This is another reason I got into philosophy. Aristotle had something that he called upon Axiology. It’s a study that he developed and he called something the Telos, which was the purpose. All being the medium in mind and where you’re going in life. One of the biggest things that he talks about is that our values and purpose are built out of voids. Voids are things missing. What was missing to me was I’m not good enough. That started to build a mentality out of me that I wanted to be good enough. When I started to find out a little bit about the entrepreneurial realm, I started making money with these little side hustles selling whether it was sneakers, selling baseball cards or selling the CDs. Early out of high school, I had a pet shop. I started figuring out all these ways. I was like, “I’m good at something.” To me, it was inspiring because that wasn’t my mentality. I thought I wasn’t good at anything at that point when I got cut from the team. That was where the spark and the power came from. It was from me being cut from that team. It became one of my greatest driving forces.
What an inspirational story. That concept of not feeling good enough is something that people struggle with most of their life on a subconscious level sometimes. That’s why people fear rejection. That’s why we get into the imposter syndrome. We’re comparing ourselves to other people and coming up short, “I didn’t go to that Ivy League school. My book didn’t sell as much as theirs.” It’s an insane route. The fact that you were able to pivot at a young age like entrepreneurs learn to do and go, “Basketball is not it. I’ll figure something else out.” Even that earlier story you were telling about the people started copying you. That’s another big takeaway for everyone reading, which is investors are always going to ask you, “What’s your secret sauce?” “What’s your barrier to entry from a big competitor.” You had all that in that story. The awareness of, “Other people are going to think of this too, so I need to get something here that’s going to prevent other people from doing that.” Let’s talk about what void you saw in the marketplace that made you and your team start Pitch Investors Live?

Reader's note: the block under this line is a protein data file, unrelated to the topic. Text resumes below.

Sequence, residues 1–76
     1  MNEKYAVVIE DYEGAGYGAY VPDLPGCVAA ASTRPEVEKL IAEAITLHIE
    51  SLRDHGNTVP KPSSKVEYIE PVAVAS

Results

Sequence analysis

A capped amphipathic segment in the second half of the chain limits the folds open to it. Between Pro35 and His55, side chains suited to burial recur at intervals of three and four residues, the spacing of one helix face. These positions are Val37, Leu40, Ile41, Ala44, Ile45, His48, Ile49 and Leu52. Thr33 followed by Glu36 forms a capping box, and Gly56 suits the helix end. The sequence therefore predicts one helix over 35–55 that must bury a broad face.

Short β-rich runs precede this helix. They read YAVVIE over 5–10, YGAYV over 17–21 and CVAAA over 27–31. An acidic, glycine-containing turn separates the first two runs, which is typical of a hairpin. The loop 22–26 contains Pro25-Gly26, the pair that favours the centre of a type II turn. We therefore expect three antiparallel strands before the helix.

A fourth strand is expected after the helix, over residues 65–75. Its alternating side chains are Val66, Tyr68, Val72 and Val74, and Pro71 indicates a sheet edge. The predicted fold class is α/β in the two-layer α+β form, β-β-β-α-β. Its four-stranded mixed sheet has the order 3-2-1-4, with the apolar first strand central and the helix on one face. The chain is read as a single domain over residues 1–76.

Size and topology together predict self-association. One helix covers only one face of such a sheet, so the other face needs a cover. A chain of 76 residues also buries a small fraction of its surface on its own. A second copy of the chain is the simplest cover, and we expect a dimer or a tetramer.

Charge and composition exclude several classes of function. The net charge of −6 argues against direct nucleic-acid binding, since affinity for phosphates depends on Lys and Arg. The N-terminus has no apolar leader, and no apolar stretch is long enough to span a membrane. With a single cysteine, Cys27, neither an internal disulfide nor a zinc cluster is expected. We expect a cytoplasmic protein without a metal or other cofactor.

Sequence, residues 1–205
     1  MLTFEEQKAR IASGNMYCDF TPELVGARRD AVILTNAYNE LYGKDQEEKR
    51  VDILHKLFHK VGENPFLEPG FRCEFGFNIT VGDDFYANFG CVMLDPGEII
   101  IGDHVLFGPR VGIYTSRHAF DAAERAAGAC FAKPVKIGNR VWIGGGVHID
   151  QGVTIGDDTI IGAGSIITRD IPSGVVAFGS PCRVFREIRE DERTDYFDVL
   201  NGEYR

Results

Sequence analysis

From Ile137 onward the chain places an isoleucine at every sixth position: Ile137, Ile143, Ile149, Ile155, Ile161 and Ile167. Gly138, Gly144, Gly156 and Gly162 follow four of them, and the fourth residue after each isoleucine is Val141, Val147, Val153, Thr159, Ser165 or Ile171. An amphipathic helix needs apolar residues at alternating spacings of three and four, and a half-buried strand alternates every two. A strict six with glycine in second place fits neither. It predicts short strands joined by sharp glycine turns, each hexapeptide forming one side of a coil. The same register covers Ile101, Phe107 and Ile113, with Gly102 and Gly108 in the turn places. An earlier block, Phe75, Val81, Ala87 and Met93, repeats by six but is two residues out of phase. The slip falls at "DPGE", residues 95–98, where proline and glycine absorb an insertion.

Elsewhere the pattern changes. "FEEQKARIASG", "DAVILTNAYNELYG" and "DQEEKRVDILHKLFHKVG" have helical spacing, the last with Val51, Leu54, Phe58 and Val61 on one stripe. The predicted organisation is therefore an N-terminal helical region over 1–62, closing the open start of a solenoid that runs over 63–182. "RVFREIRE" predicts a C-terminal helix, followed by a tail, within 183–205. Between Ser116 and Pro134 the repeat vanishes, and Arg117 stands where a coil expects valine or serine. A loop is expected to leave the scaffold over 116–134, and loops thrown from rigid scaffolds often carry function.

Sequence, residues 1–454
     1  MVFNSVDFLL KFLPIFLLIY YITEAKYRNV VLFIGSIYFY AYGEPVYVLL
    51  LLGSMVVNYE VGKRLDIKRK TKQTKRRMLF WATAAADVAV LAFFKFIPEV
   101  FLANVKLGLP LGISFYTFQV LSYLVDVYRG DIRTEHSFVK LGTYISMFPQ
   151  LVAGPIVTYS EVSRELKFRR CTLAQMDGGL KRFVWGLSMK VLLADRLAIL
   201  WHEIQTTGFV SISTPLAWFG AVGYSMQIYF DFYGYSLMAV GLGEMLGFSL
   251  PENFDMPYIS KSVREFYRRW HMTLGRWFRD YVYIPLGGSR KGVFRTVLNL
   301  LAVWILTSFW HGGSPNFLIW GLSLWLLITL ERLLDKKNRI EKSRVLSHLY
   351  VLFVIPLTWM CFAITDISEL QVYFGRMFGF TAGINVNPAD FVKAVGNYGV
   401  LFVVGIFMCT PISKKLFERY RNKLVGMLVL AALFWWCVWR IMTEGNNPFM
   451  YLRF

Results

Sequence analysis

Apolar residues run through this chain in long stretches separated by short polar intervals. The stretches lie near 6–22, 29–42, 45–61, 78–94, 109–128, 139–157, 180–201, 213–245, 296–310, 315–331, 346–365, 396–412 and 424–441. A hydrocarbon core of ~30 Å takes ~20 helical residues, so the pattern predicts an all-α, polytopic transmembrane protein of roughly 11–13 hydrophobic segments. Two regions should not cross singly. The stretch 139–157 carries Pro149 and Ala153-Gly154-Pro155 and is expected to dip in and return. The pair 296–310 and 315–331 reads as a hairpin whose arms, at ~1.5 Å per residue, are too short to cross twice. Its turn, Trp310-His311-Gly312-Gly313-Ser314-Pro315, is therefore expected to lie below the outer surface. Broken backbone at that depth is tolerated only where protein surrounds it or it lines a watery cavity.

I’ve started many companies. I’m going on maybe 25, 26 companies. I am one of those crazy serial entrepreneurs. I know well how hard it is first and foremost. Secondly, I started learning more about the investment space. I wanted to learn more. I remember reading many magazines and books. I’m like, “One day, I want to have my own venture capital fund. I want to be a venture capitalist. I want to work on multiple projects.” I’m much on the go. I’m a visionary, but I like to go and do it. I love the building process and that’s why I’ve done many different things.
My business partner was the founding founder, if you want to call him that, from the 2UP app itself. 2UP app was a debate app when it first started. That’s how Pitch Investors Live came in and that’s the time that I came in. 2UP itself was an app before Facebook Live existed. It was even before Periscope existed. Before all that stuff came out, 2UP came out. I had met Matt at a startup conference. He was launching 2UP. I was going to help him with marketing. We threw some ideas back and forth together. I was going to join him, but I was doing so many other things. I never joined 2UP. It got traction but it was missing some key components. Later down the road, when I and Matt came together to build Pitch Investors Live, we realized he’s the technical backend innovator and I’m the business dev marketing visionary. I know what can go to market the right way and how to position it. You can have the greatest idea in the world, but if you don’t position it correctly, shift it and adapt it, it’s not going to get anywhere.